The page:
The burning of its opera house is only the latest in a catalogue of disasters to befall Italy's most vulnerable city. The real threat to its existence remains a unique combination of corruption and intransigence. Andrew Gumbel reports
T he blazing inferno that destroyed the opera house of La Fenice in a few short hours on Monday night might not spell the end of Venice as we know it, but such a catastrophe could only have happened in a city already long accustomed to the lingering stench of decay and death. Everything about the fire, and the frantic efforts to contain it, reflects sadly on how fragile a jewel Venice is and how unprepared it is to survive in the modern world.

There were no roads for the fire brigade to speed along once it had been alerted, no fire hydrants on which to hook their hoses, and no easy access to an opera house built like a mini-fortress on its mud-flat foundations. Firefighters could not travel along the nearby canals because they had been drained for dredging work; and actually, even if the canals had still been filled, the sheer quantity of sludge on the bottom would have prevented the fire boats from passing under the low bridges.

Everything about the old city of Venice is enough to make a fire inspector weep: buildings made predominantly of wood, not stone, and packed so tightly together that a fire in one could easily spread across an entire sestiere. Venice may be built on water, but one stroke of bad luck and it could suffer the same fate as London in 1666. "The wind wasn't too strong on Monday night," remarked Gianpiero Zucchetta, who inspects fires in Venice for the Environment Ministry, "but if it had been blowing about like it is today, the flames could have reached the Zattere [sea front] and then it would have been bye-bye, Venice."

Fire is only the latest ogre to raise its head in a city that has been slowly dying at least since the 18th century. Beauty alone has not been enough to protect it from the ravages of time, and it sits on the northern edge of the Adriatic like a half-preserved corpse fussed over by teams of quarrelling embalmers, by turns nostalgic for the past and apprehensive about the future. The canals may shimmer enigmatically in the sunshine, but they also stink of rotting garbage and the sewage that seeps out of the old palazzi.

These days the old city of Venice makes a lucrative but frustrating living from mass tourism, while across the lagoon its monstrous modern suburbs, Marghera and Mestre, play host to the biggest petrochemical complex in Italy. The tanker port, oil refineries and chemical factories might provide much-needed employment to upwards of 15,000 people, but they have also eroded the sea bed with their tanker traffic, causing Venice slowly to sink into the mud, and filled the lagoon with virulent nasties including dioxin and heavy metals. These in turn have spawned a sinister mutant strain of animal and plant life - tens of thousands of sewer rats larger and more resilient even than their formidable counterparts in Rome and Naples, giant mosquitoes that make the tour groups' life hell in the summer months, and putrid clumps of algae that surface periodically to further stultify the damp, fetid air.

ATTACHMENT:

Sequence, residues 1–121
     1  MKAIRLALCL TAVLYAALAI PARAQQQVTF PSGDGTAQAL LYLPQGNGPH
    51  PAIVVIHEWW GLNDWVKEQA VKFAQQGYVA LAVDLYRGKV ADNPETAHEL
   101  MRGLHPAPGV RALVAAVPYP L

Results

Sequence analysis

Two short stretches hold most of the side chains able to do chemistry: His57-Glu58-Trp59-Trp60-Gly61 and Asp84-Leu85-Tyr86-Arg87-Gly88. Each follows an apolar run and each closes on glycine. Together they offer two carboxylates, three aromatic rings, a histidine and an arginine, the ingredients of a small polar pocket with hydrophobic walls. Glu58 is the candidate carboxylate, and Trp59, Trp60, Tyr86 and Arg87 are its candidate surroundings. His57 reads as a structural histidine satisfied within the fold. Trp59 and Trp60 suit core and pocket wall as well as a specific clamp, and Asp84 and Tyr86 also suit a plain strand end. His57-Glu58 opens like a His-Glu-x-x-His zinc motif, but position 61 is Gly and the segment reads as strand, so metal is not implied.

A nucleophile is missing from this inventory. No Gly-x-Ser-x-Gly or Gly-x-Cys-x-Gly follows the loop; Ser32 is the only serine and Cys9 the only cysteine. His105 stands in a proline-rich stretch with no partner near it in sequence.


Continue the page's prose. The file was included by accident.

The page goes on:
To some extent, decay is part of the great attraction of Venice. The poets have been singing hymns to the inexorable decline of the place since Byron, and thanks to Thomas Mann (an author cursed by most Venetians for lumbering them with the image) Venice and death have become inextricably linked in Western cultural consciousness. The attraction does not make the city fathers' job any easier. As the late Italian senator and native Venetian Bruno Visentini once said, the management of decadence is a delicate task.

The notion of "saving" Venice has been around since the great flood of November 1966, which devastated large chunks of the city and seriously threatened its artistic heritage. The Italian government has made repeated pledges of cash and institutional support ever since to preserve the city and protect it from flooding, sinking or rotting to death; Unesco, meanwhile, oversees 24 national committees ,including Britain's Venice in Peril fund, which devote their attention to restoring individual palaces and churches.

Venice in Peril has restored the churches of S Nicolo dei Mendicoli and Madonna dell'Orto (where Tintoretto worshipped and is buried) in their entirety. It has renovated Sansovino's loggetta at the base of the belltower of St Mark's. It has funded the restoration of Palladian facade of S Francesco della Vigna and the gloriously theatrical S Pantalon. It is reviving the outdoor frescoes at Torcello. In fact, since it was founded in 1971, it has completed 18 major, and prestigious, projects. The destruction of the Fenice can only spur it into greater fund-raising activities.